In the New Testament, Jesus changed Simon’s name, meaning “God has heard,” to “Peter,” meaning “rock” when He first called him as a disciple (John 1:42).
We see this culture of names not only found in Israel, but in other kingdoms such as Babylon.
When Israel was overthrown by King Nebuchadnezzar, many people were taken to Babylon to serve. The young men commonly known as Shadrach, Meshach, Abednego, and Daniel had ancestral names that were changed on their arrival.
Daniel=God is my judge.
Daniel was changed to Belteshazzar=Bel(Babylonian god) protects my life.
Hananiah=The Lord is gracious
Hananiah’s name was changed to Shadrach=under the command of Aku(Babylonian god of the moon)
Mishael=Who is like our God?
Mishael’s name was changed to Meshach=Who is like Aku?
Azariah=The Lord Helps
Azariah’s name was changed to Abednego=servant of Nebo(god of art and vegetation)
The culture often dictated the name, the God of Israel was represented in HIs people’s names and so idolatrous nations would change the names to honor their own gods.
If names are so significant, what does that say about us today?
God’s name is to be Revered
Exodus 20:7 “You must not misuse the name of the LORD your God. The LORD will not let you go unpunished if you misuse his name.”
The New Living translation version of the 3rd commandment gives a sacred notation to God’s name. Some versions describe the commandment as taking God’s name in vain.
In the book “Desiring God” by John Piper, he reminds us of God’s name as declared to Moses “I Am” sent you. Built on the verb “I Am” is the term Yahweh, and in several verses we see God declaring His name as Holy.
John goes on to say “But the very fact that the name Yahweh has a meaning reminds us that, in the Bible, someone’s name tells decisive things about the person. They are not mere labels that help you distinguish one person from another. They are expressions of a person’s reality.”
The reality of God is expressed in His name, thus if we use His name inappropriately, we offend the expression of who He is.
Isaiah 57:15 “For this is what the high and exalted One says— he who lives forever, whose name is holy: “I live in a high and holy place, but also with the one who is contrite and lowly in spirit, to revive the spirit of the lowly and to revive the heart of the contrite.”
A warning goes forth: “Don’t take God, or anything that his name expresses about his reality, in vain.”; He is a jealous God, He must be supreme in our affections and honor, His name must be exalted.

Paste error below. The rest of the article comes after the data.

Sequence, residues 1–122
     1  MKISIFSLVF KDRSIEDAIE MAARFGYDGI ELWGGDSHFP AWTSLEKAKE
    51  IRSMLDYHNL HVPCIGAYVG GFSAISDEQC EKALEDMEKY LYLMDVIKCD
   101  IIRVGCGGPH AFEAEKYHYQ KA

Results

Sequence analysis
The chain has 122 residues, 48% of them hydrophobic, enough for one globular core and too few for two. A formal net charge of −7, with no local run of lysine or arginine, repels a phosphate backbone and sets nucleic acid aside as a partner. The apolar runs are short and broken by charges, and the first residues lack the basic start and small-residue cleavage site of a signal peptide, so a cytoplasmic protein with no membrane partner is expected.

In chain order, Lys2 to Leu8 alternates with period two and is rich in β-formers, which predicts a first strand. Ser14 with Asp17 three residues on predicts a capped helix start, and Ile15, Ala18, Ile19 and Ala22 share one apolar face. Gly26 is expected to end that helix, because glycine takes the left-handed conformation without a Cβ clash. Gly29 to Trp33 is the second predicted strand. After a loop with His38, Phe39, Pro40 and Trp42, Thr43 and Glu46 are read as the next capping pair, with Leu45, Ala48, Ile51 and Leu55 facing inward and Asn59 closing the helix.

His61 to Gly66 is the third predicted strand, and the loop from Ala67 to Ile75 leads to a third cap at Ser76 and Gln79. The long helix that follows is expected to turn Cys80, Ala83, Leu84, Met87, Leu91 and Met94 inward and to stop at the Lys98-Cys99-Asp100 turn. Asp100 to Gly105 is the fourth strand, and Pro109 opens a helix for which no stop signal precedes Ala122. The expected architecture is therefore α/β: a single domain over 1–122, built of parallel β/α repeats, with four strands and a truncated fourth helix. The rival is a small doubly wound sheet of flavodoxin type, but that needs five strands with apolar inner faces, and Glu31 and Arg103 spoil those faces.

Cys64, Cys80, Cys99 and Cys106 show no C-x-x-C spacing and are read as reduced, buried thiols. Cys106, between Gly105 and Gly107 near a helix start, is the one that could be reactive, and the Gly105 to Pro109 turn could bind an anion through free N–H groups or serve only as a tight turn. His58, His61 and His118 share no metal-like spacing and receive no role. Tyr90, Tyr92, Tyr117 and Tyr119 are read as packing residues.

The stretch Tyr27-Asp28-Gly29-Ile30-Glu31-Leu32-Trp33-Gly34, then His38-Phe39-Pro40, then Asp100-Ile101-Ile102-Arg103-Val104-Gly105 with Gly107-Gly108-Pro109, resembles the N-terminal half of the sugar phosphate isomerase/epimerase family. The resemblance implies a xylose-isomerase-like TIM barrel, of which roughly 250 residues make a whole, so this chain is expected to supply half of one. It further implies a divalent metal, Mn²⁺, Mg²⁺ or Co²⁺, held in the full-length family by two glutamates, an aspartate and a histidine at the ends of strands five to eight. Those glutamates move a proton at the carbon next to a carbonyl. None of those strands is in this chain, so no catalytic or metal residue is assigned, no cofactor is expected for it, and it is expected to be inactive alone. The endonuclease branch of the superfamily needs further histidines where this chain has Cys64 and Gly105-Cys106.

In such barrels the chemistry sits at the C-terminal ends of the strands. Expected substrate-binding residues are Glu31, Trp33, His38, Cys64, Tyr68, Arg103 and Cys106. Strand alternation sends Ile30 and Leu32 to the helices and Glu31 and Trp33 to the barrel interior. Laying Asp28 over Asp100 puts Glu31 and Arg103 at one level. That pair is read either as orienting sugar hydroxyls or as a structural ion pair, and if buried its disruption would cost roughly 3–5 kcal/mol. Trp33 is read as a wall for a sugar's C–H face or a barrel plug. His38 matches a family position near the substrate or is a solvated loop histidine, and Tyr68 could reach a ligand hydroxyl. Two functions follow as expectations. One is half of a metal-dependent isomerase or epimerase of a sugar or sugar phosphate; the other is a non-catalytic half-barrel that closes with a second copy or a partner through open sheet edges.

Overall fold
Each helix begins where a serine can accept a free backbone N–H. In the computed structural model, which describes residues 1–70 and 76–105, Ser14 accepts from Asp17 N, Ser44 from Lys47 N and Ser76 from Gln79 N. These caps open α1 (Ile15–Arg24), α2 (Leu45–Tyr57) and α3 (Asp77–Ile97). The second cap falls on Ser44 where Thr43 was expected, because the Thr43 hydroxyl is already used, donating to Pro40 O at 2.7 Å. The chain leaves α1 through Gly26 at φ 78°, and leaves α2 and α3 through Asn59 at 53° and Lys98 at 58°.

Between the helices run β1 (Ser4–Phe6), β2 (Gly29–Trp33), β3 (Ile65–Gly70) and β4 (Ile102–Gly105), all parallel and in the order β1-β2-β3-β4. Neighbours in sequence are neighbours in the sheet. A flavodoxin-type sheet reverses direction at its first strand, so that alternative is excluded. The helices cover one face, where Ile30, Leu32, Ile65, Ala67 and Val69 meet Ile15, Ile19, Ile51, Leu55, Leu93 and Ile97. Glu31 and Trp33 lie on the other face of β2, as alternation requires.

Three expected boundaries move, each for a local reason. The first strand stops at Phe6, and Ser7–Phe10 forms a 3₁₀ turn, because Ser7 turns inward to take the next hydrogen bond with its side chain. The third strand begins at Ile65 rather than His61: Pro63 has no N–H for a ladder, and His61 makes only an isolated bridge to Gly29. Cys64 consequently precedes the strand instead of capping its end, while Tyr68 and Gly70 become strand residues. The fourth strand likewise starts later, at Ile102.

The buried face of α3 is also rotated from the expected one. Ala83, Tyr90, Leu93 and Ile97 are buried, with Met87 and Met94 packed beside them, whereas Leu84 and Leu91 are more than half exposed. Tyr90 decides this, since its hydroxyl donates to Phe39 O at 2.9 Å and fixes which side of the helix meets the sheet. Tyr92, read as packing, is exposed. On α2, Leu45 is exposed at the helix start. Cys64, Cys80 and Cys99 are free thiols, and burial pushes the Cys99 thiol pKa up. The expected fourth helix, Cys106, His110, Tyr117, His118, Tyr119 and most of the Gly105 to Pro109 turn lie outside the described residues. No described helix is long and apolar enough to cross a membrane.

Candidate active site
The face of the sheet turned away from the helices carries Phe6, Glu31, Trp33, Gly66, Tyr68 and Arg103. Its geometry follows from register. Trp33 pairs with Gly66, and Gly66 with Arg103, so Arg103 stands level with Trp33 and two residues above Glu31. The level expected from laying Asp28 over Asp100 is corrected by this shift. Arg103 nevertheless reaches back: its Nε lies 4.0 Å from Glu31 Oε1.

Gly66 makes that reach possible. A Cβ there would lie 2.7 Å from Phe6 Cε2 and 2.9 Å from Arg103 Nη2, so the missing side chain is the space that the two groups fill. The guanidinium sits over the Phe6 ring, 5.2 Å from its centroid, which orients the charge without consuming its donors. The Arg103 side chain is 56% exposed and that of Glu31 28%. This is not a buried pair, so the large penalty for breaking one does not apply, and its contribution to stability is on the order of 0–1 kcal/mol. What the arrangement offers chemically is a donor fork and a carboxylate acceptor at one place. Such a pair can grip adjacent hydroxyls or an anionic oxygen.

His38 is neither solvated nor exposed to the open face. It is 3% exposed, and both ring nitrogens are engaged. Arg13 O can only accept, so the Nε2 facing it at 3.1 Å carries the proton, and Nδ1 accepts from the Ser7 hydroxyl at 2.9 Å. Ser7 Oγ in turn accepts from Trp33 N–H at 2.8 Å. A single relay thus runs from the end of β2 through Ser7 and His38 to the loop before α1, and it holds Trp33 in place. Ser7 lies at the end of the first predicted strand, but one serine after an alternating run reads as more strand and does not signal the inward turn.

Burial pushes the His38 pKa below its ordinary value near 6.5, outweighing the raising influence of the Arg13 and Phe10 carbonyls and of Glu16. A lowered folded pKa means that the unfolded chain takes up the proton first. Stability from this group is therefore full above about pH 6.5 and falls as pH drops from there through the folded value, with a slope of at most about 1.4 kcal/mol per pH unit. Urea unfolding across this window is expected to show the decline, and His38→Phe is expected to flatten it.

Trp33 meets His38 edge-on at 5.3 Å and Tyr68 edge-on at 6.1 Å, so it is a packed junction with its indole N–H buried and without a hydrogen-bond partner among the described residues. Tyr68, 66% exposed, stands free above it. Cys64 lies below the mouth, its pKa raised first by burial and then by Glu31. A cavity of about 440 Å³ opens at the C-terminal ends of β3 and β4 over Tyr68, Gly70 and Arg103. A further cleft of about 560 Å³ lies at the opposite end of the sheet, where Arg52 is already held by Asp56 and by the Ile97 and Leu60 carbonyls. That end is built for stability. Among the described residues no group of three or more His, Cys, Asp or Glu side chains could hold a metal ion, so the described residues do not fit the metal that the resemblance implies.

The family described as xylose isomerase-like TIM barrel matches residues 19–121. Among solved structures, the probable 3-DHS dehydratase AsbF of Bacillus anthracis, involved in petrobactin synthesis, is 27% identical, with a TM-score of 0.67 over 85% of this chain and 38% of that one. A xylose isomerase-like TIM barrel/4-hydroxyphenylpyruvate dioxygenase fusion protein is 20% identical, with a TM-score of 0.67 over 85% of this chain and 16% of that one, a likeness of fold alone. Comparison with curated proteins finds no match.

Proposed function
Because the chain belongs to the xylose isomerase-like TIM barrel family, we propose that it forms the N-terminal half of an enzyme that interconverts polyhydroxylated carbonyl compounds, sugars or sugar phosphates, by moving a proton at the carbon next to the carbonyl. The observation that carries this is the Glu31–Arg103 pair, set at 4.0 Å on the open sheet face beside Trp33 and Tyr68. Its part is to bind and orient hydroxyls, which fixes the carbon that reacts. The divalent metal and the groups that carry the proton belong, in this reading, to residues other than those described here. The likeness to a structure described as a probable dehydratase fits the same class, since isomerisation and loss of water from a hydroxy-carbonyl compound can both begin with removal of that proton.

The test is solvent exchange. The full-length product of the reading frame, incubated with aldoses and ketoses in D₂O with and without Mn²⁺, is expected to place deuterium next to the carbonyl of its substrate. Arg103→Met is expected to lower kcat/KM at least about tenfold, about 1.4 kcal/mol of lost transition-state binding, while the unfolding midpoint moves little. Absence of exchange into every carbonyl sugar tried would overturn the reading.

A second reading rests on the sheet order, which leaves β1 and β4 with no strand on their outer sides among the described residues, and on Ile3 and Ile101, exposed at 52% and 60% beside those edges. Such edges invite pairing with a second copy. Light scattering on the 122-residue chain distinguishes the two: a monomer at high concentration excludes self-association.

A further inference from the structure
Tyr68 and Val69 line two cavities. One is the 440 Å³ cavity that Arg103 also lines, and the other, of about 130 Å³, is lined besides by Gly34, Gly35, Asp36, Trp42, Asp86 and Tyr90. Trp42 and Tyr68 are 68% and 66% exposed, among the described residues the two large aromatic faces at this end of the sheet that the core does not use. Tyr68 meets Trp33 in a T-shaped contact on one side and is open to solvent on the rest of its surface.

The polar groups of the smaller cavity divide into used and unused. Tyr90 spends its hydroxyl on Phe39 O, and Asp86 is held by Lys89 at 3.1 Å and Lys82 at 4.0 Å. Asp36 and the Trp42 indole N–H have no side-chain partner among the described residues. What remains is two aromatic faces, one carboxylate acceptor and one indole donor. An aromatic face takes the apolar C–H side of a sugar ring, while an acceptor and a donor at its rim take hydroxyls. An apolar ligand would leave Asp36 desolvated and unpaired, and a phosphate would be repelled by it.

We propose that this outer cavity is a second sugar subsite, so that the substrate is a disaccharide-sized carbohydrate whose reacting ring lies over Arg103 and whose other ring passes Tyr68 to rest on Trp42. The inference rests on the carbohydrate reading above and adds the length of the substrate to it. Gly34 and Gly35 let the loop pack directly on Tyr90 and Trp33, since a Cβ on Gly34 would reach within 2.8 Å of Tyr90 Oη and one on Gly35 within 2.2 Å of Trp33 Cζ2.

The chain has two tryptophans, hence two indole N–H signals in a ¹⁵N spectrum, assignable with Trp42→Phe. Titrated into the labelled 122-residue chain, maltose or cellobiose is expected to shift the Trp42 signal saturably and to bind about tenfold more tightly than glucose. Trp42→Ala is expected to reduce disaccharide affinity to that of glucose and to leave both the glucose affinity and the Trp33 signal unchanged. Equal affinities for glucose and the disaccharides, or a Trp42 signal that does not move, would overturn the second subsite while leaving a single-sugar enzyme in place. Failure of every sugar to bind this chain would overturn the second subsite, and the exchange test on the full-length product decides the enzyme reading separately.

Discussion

What does it mean to take God’s name in vain?
- Jeremiah 2:30: “In vain have I struck your children; they took no correction.”
- Jeremiah 4:30: “In vain you beautify yourself. Your lovers despise you.”
- Jeremiah 6:29: “In vain the refining goes on, for the wicked are not removed.”
- Jeremiah 46:11: “In vain you have used many medicines; there is no healing for you.”
- Malachi 3:14: “You have said, ‘It is vain to serve God. What is the profit of our keeping his charge?’”
So, in vain means futile, empty, pointless, wasted: You spank the children, but there’s no correction. You put on makeup, but there are no lovers. You put the wicked through the refiner’s fire, but there’s no repentance. You take the medicine, but there’s no healing. You serve God, but there’s no profit. It all happens in vain.John Piper/Desiring God
When Jesus was giving perspective to His disciples regarding what is important, He reminded them of the eternal value of how God establishes your name.
Luke 10:20 “Nevertheless, do not rejoice that the spirits submit to you, but rejoice that your names are written in heaven.”
You may ask, why would our names be written in Heaven and where would God write them?
Only those who have been redeemed by the blood of the Lamb may enter in…for those who have been sanctified, God knows their names.
Revelation 21:27 “But there shall by no means enter it anything that defiles, or causes an abomination or a lie, but only those who are written in the Lamb’s Book of Life.”
The process of making a name for yourself in God’s Kingdom is not reliant upon your ancestral heritage, your great accomplishments, or your career; the names in God’s book are placed there only by the blood of Jesus.
For all who have rejected so great of a salvation, their names are written under the conviction of the law. To all who have accepted the grace of God in Jesus Christ, their names have been exonerated and placed within God’s book of the redeemed.
We, God’s people, who have descended from an ancestry of faith in God, carry on the name of Christ in our testimony. We become ambassadors of the King and His name is written on our hearts.
2 Corinthians 3:2,3 “You are our epistle written in our hearts, known and read by all men; clearly you are an epistle of Christ, ministered by us, written not with ink but by the Spirit of the living God, not on tablets of stone but on tablets of flesh, that is, of the heart.”
What name will be your heritage into eternity?
Will your name be exemplified by how you glorified yourself, or how you glorified the One worthy to be glorified?
Whatever you do, consider this….your legacy will continue forever.